Fine Grain, Global City: Jan Gehl, Public Space and Commercial Culture in Central Sydney

Donald McNeill

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McNeill, D. (1). Fine Grain, Global City: Jan Gehl, Public Space and Commercial Culture in Central Sydney. Journal of Urban Design, 16(2), 161–178.

There is growing awareness among many city councils that their downtowns or central business districts have become bland or devoid of sufficient cultural activity to attract the highly skilled, creative workforce that is seen as a prerequisite for competitive success. This paper examines a recent set of policy initiatives to have emerged from the City of Sydney Council that has explicitly sought to mitigate the negative design outcomes of earlier phases of modernist office development through the promotion of a ‘finer grain’ urbanism, based around support for small shops and services, civic spaces oriented towards pedestrians and the reinvigoration of intra-block laneways enlivened by small bars and cafes. The noted Danish urban designer Jan Gehl was an important agent in the development of these strategies, along with the success of similar policies in Melbourne, illustrating the significance of globally operative design professionals and inter-city learning. However, these policies have not gone uncontested, and the paper examines the political context that surrounds their implementation in central Sydney.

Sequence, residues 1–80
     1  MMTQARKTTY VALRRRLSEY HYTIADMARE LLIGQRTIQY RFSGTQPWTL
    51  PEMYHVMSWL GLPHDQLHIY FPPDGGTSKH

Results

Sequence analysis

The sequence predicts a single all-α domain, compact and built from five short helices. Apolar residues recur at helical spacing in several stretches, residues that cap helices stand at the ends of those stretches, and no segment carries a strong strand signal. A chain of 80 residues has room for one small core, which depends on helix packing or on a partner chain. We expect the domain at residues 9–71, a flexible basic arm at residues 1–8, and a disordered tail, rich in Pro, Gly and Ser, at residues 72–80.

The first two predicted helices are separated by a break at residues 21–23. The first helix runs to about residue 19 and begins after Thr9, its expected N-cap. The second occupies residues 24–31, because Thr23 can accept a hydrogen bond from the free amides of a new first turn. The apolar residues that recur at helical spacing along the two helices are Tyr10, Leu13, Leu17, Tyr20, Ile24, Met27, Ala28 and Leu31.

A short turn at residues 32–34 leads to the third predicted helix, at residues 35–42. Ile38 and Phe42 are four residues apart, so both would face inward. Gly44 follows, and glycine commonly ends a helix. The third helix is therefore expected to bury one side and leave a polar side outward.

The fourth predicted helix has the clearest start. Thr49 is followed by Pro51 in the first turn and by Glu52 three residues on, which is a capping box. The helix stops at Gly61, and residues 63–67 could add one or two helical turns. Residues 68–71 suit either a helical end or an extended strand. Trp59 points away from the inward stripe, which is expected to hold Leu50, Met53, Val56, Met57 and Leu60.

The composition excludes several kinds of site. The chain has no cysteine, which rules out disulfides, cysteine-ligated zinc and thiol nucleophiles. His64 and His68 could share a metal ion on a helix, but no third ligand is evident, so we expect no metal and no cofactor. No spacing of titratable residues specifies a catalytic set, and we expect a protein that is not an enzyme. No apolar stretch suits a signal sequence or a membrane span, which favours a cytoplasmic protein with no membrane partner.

Main finding
The case study finds that recent strategies implemented by the City of Sydney Council to animate the street life and economic diversity of its central business district involved a multi-pronged strategy of re-regulation and policy making, and political machination by an independent Lord Mayor and slate of councillors with minimal input from the major political parties but with qualified support from property and business lobby groups. Jan Gehl's proposed strategy referenced the popularity of laneways policies in Melbourne, Sydney and other Australian cities as a significant phase of CBD design that embraces civic heritage.

Description of method used in the article
Analysis of Sustainable Sydney 2030 and Jan Gehl's public domain strategy

Policy implications

Organising categories